Recent developments indicate a trend towards increased accountability on the part of companies with foreign operations. Mining companies with projects in foreign countries, and particularly those in emerging nations, should be aware of the potential for liability and heightened scrutiny relating to such projects.

Three recent related actions suggest that a Canadian company may be held responsible for its unlawful conduct in other jurisdictions. These actions (referred to as Choc v. Hudbay Minerals Inc.) were brought against Hudbay in Ontario by members of a native tribe in Guatemala who alleged that they were gang-raped, beaten and shot by security personnel employed by Hudbay’s Guatemalan subsidiary. The tribe members claimed Hudbay was directly liable for the actions of its subsidiary, a claim the Ontario Superior Court of Justice would not dismiss prior to trial. In reaching this decision the court considered Hudbay’s direct attempts to develop relationships with indigenous communities, as well as the argument that Hudbay’s subsidiary was acting as agent of Hudbay. While Choc has yet to proceed to trial, it should serve as a warning that a Canadian company could be found to owe a duty of care to those harmed by its foreign subsidiary.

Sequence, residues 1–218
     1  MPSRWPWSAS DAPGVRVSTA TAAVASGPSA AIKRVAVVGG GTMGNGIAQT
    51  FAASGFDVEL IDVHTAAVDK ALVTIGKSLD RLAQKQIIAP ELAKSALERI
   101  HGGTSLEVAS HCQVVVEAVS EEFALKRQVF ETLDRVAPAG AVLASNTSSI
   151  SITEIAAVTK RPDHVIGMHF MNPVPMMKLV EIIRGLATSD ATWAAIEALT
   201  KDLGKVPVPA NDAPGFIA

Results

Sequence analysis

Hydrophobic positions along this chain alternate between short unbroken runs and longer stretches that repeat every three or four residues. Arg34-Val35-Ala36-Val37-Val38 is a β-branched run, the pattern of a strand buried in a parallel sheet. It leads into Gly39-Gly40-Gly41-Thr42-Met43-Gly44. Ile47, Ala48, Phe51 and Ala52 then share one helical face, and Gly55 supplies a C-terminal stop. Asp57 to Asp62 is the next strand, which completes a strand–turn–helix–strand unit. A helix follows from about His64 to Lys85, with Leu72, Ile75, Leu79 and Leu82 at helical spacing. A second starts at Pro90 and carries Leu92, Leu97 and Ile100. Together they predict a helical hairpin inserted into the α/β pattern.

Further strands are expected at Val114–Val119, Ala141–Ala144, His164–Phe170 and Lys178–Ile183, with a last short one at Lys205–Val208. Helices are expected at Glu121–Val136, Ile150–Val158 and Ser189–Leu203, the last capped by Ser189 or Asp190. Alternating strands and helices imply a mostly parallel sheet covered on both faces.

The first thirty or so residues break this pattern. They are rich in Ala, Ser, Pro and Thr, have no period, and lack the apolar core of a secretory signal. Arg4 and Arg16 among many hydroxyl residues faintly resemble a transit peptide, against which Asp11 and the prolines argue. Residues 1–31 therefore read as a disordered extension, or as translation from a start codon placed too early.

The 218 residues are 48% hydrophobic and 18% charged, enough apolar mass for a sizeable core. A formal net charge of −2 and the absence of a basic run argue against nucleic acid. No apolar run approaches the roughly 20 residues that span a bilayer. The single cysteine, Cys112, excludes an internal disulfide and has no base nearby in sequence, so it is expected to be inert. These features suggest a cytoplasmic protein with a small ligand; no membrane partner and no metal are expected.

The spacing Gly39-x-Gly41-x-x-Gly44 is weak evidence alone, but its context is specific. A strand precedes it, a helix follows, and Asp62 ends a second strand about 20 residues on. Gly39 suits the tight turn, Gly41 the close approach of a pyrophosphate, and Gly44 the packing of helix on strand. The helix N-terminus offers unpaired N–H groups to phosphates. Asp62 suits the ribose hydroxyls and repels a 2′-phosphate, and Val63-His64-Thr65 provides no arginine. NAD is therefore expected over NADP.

On the legislative front, Canada is following the lead of the United States and the European Union by proposing to adopt laws requiring resource companies to disclose payments made to foreign governments in connection with overseas operations. These rules would capture a variety of payments, including taxes and royalties, above a to-be-specified threshold per mineral project. The Mining Association of Canada and the Prospectors and Developers Association of Canada have publicly supported this proposal. Other proposals, including the disclosure of payments made to Canadian and/or foreign aboriginal groups, are more contentious, and it remains to be seen how these will be implemented. At this stage, Canadian companies might prepare for the new laws by using more permissive confidentiality clauses and tracking payments made to foreign governments and aboriginal groups.

The need to actively monitor overseas operations is also highlighted in a peculiar American case, In re Puda Coal, Inc. Stockholders Litigation. Puda Coal, a public company incorporated in Delaware, had established a key Chinese subsidiary. Puda Coal’s audit committee eventually discovered that the chairman had transferred ownership of the subsidiary to himself, a situation which went unnoticed for a year and a half, and subsequently all of the company’s independent directors resigned. Shareholders sued Puda Coal, alleging breaches of fiduciary duty by its directors. The Delaware Court of Chancery refused to dismiss the lawsuit because, among other transgressions, the directors failed to fulfil their obligations to oversee management or to establish adequate systems for governing a public company.

Based on Puda Coal, it would be prudent for directors to take adequate steps to satisfy themselves of the legitimacy of foreign operations, which could involve, for example, site visits, discussions with local managers, and the engagement of local counsel. Additionally, audit committee members should carefully review with the company’s auditors any title opinions relating to the ownership of foreign projects, which opinions should be periodically updated.